Royal Scandal: Sophia Dorothea of Celle

Sophia Dorothea of Celle

Sophia Dorothea of Celle

Sophia Dorothea of Celle was born on the 15th September 1666, to parents George William, the Duke of Brunswick, Luneburg and his mistress, an exiled French Protestant aristocrat; Eleanore d’Esmier d’Olbreuse.  She in fact, was an illegitimate love child.

In 1674 her mother Eleanore became the Duchess of Wilhelmsburg, Sophia became legitimised, and in 1676 her parents were married.

George and Sophia were both insulted by the match, but this marriage wasn’t about their wishes, their feelings, for they were pawns in the creation of uniting adjoining realms.

On the 22nd November 1682, Sophia Dorothea married her cousin, George Louis in the Chapel of Celle Castle, under protest.  You would have thought this should have been a time of joy, but for them it was the opposite.

Sophia Dorothea was often reprimanded for her lack of etiquette she showed at court, by her mother-in-law.

There was little love shown to each other, but the marriage did produce two offspring; George August (1683) who would become George II and Sophia Dorothea (1686).

George Louis neglected his new wife, and took a mistress; Melusina von Schulenburg.

An unhappy Sophia, had an affair with Phillip von Konigsmarch, a Swedish count in 1690.  George Louis questioned his wife over the alleged affair in 1692, and she pointed out, he had a mistress.  George attacked his wife in response, and her attendants had to pull the pair apart, before George strangled her.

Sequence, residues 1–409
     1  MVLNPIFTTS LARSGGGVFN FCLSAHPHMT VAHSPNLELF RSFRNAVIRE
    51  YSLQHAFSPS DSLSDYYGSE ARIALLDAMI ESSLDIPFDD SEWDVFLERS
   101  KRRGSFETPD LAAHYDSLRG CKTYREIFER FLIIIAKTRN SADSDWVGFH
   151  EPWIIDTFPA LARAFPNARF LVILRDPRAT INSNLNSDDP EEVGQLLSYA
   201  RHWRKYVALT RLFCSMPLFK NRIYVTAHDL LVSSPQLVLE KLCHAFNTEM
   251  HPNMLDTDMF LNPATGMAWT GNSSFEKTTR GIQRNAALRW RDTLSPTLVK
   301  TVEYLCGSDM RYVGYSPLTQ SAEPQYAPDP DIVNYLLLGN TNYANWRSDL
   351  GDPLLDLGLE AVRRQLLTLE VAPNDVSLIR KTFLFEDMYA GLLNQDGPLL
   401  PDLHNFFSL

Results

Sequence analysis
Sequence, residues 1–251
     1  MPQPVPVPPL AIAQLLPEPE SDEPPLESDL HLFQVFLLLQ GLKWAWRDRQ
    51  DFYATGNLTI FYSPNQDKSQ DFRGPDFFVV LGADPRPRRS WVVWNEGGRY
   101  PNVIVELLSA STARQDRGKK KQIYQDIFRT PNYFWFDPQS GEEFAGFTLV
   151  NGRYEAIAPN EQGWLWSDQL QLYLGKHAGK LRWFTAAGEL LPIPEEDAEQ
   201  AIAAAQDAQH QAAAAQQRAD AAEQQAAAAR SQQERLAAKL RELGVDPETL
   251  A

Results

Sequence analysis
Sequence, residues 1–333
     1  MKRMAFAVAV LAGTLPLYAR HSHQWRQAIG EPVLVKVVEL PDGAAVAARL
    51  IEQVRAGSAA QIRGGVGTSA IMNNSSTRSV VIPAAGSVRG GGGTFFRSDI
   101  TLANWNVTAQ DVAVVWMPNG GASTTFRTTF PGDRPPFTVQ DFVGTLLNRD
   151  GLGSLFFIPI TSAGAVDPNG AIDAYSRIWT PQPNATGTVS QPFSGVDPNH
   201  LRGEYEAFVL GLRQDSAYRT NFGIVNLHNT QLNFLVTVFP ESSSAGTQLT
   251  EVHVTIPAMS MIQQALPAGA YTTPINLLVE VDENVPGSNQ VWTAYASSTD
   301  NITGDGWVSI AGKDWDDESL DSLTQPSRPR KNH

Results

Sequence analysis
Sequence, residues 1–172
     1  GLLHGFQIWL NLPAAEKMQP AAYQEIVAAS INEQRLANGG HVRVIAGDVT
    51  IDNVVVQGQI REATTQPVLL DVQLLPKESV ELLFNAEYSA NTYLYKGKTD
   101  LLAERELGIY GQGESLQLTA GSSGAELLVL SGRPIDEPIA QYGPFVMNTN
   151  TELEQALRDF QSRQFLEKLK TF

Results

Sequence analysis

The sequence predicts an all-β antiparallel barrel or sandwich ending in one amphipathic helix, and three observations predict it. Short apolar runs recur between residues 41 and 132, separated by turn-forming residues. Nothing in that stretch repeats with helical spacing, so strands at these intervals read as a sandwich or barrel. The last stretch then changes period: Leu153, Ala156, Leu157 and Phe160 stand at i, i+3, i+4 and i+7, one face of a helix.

Sophia and Konigsmarck made plans to elope, but their plans were thwarted by Countess Platen, mistress to Ernst Augustus, Sophia’s father-in-law.

Ernst Augustus ordered the arrest of Konigsmarck, to avoid a scandal.  One guard was injured and Konigsmarck was killed.  His body was hidden, under the floor of Leine Palace, covered in quicklime.  Sophia was placed under house arrest.

George Louis divorced Sophia Dorothea on the grounds of malicious desertion, and she was sent to Ahlden Castle.  She lost her right to see or have any contact with her children.

From April to September of 1700, she was moved from Ahlden to Celle during a French invasion of the Brunswick duchies, then returned to Ahlden Castle.

Sophia Dorothea died on the 13th November 1726, and was interred in the family crypt in the Old Church of Celle in May 1727.

Sophia Dorothea had inherited her mother’s estate; Eleanore d’Esmier d’Olbreuse upon her death in 1722, and left it to her children.

George destroyed the will, and appropriated the property for himself, and ordered all personal effects belonging to Sophia Dorothea to be burnt after her death.

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